We Get Election Security or Dems Get Potent Campaign Issue

We Get Election Security or Dems Get Potent Campaign Issue
AP Photo/Jacquelyn Martin
We Get Election Security or Dems Get Potent Campaign Issue
AP Photo/Jacquelyn Martin
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Perhaps it was his new moniker, Moscow Mitch -- which has enraged Mitch McConnell -- but the Senate majority leader is suddenly sounding open to election security measures he has long opposed. Democrats must push hard now to force Republicans to pass necessary safeguards or make them own what’s coming next year. 

Voters still don’t know enough about how vulnerable our 50-state systems remain. Just before McConnell blocked several election protection measures in the Senate last week, Special Counsel Robert Mueller, whose report said the Russian attack in 2016 was “sweeping and systemic,” told House members the threat is ongoing and “they’re doing it as we sit here.” The next day the Senate Intelligence Committee released findings showing the Russians probed voting systems in all 50 states in 2016 to assess their vulnerability. Two counties in the battleground state of Florida were hacked, Gov. Ron DeSantis has confirmed, though he has not revealed which ones. 

Nonetheless, McConnell blocked several bipartisan bills from consideration as “highly partisan” coming from “the same folks who spent two years hyping up a conspiracy theory about President Trump and Russia.” But within days he appeared to backtrack, telling CNN: “Maybe we can reach agreement on the kinds of things that would further improve the situation.” When asked why he would block legislation mandating the disclosure by any campaigns of foreign assistance, he continued, “We’re open to any suggestions people may have about how to improve the system.”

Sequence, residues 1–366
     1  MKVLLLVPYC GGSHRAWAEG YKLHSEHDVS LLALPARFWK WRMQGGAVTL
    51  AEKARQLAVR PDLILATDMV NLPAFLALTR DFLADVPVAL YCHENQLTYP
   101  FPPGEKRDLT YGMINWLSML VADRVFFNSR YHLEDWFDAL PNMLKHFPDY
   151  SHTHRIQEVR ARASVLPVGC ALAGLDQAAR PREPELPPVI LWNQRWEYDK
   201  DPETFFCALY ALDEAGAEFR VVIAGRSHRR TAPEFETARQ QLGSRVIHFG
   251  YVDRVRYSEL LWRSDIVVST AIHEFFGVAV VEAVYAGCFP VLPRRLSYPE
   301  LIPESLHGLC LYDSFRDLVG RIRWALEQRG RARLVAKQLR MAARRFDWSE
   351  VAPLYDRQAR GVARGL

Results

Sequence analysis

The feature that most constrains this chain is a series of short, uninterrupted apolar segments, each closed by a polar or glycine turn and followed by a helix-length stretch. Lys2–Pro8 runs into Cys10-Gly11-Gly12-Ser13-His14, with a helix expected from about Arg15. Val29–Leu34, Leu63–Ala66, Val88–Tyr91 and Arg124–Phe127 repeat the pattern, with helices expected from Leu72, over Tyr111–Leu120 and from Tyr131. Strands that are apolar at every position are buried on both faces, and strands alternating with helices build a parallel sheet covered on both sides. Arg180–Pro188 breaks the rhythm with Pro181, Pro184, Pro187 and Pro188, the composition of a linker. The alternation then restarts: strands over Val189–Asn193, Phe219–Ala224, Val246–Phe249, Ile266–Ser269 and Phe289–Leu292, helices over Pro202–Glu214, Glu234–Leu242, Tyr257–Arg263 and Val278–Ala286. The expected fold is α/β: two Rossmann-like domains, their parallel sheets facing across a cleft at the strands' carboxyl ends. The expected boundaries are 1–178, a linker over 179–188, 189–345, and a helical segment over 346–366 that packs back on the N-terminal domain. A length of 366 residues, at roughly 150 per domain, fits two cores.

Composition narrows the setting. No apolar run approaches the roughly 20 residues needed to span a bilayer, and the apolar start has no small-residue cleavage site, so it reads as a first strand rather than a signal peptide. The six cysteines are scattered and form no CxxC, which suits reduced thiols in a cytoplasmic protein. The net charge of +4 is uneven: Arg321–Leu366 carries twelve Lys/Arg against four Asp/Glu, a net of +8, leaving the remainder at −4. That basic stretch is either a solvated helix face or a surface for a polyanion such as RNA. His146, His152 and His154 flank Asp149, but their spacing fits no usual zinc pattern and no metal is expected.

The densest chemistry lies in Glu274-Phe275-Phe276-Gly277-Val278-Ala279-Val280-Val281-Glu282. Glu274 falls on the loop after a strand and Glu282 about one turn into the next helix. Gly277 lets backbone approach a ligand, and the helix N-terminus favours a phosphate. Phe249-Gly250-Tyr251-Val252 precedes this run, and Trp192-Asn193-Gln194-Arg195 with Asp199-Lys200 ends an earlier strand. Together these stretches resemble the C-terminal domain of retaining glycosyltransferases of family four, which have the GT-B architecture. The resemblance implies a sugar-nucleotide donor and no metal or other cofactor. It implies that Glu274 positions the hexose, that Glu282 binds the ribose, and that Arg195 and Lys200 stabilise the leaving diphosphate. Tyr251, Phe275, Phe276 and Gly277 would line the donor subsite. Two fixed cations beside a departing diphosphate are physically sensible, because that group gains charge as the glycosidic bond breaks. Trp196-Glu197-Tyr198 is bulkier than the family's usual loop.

While this is non-committal, there are signs the political heat is getting to McConnell. Democrats, who the primary debates make clear don’t agree on health care policy, immigration or impeachment, should unite around election security as a central campaign message in 2020 should they fail to drag Republicans to the table.   

It will be challenging for McConnell to pass a bill, which would have to be signed into law by President Trump. Trump has made clear that he doesn’t take the threat to our elections seriously and thinks any talk of it is yet another partisan attempt to delegitimize his win against Hillary Clinton. Though he suddenly endorsed paper ballots this week in a tweet (as “old fashioned but true”), he dismissed the subject of election interference again on Thursday. Trump conceded he had not raised the subject with Russian President Vladimir Putin during a phone conversation about “wildfires in Siberia,” of all things. When asked about Mueller’s warning that Russia is  trying to interfere right now, Trump said to a reporter: “You don’t really believe this. Do you believe this?” Last month at the G20, of course, he joked about it when asked by the press, telling Putin with a laugh, “Don’t meddle in the election, please.” The president and his associates, including his lawyer Rudy Giuliani and son-in-law Jared Kushner, have all dismissed the threat in interviews, which has been interpreted as a welcome mat for foreign interference next year. In an interview with George Stephanopoulos, Trump stunned members of both parties when he said if someone had opposition research from a foreign government on his opponent, “I’d want to hear it.”